# In which situations is a length-extension attack a problem?

A lot of hash functions, including the SHA-2 family(but not the SHA-3 candidates and SHA256d) are vulnerable to length extension attacks. But when is this property a problem?

I guess certain naive MAC implementations might have issues. Are there also some situations where length-extensions cause problems for unkeyed hashes?

## 1 Answer

The archetypal situation where the length-extension property becomes problematic is when ones builds a Message Authentication Code from a hash function as $$\textrm{BadMAC}(K,M)=\textrm{Hash}(K||M)$$ where $K||M$ is the concatenation of the Key and the Message.

The length extension property then translates directly into the capability to forge a different message, starting as the original, for which computing the $\textrm{BadMAC}$ is trivial.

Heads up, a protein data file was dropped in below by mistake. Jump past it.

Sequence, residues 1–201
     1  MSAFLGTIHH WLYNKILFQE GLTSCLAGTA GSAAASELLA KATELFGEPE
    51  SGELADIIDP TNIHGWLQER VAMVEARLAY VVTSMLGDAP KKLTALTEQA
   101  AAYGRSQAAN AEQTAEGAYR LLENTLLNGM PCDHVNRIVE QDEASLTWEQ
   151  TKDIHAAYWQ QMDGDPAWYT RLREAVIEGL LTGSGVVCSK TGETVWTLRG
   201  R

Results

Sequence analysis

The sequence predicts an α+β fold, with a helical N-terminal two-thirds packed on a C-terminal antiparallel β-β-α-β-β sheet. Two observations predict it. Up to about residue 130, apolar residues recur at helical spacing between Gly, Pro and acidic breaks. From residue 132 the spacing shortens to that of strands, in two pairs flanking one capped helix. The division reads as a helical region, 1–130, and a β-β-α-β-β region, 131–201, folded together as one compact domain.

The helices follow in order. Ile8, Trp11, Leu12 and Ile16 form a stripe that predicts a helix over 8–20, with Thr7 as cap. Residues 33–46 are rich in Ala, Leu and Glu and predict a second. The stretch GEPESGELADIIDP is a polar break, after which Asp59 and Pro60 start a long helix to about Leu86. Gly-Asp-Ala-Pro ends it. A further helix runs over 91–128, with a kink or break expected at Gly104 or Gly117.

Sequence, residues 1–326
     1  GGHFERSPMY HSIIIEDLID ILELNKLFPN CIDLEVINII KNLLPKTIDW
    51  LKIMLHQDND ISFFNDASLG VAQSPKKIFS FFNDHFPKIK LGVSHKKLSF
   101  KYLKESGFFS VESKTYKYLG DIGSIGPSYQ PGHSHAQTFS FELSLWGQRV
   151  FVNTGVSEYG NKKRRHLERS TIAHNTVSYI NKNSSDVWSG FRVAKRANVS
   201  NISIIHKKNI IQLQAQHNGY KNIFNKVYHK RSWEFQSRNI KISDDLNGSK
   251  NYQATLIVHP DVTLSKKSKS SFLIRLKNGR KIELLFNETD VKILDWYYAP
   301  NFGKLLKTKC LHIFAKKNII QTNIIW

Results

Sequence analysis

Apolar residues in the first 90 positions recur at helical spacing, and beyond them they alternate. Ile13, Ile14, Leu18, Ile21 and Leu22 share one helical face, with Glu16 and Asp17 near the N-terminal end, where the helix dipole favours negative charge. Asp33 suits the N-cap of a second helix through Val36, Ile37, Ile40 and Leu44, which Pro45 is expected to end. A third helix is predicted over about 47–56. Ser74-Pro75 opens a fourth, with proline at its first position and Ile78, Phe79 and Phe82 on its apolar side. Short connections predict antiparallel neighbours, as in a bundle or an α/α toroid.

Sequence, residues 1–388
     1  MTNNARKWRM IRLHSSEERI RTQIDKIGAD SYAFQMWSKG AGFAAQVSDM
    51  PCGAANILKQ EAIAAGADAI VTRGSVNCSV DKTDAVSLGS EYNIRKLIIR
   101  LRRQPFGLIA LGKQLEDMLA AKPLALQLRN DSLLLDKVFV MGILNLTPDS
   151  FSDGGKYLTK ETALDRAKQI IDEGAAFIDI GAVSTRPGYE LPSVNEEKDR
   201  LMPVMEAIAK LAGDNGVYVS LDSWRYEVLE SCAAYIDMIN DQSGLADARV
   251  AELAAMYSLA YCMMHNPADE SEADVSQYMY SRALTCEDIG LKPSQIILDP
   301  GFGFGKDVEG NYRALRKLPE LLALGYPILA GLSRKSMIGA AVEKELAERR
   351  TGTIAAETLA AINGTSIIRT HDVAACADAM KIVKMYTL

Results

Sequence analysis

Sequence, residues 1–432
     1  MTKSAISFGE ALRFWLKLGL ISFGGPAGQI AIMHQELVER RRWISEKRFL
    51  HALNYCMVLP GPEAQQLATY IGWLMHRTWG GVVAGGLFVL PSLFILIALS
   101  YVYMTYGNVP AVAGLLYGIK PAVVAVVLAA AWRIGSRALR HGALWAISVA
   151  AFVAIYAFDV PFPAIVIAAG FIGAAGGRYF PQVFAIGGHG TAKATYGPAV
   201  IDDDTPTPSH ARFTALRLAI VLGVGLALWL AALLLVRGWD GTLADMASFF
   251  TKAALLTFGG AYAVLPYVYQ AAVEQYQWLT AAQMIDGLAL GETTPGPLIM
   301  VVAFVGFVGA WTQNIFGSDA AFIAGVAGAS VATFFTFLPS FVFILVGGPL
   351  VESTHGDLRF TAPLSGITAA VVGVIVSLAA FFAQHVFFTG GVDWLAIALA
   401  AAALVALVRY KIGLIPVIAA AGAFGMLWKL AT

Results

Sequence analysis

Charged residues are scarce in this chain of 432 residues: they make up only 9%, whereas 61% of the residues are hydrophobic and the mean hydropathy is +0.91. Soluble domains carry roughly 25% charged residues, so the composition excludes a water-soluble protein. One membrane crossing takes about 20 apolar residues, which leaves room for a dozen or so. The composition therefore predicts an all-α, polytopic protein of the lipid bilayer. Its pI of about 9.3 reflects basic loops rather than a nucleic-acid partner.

In practice, that could allow adding an appendix to a text protected by $\textrm{BadMAC}$ (after a short rash of garbage in most cases, but often it could be invisible when printed). Also, that could allow extending the size of a short signed message so that it creates a buffer overflow after its integrity is checked using $\textrm{BadMAC}$.

HMAC is secure against that; and then more.

Another (artificial) example could be when it is asked the hash of increasingly long messages (with precisely the wrong content) as a Proof-Of-Work: one user knowing the hash constituting the POW of a user could abuse that into another POW indicative of slightly more work.

• Similar multi collision attacks apply to all narrow pipe hashes, since for them, finding a state collision isn't harder than finding an output collision. Jun 19 '15 at 6:53
• Length-Extension can also be exploited to make for more impressive demonstrations of collision attacks as Thomas explained here.
– SEJPM
Mar 9 '17 at 13:25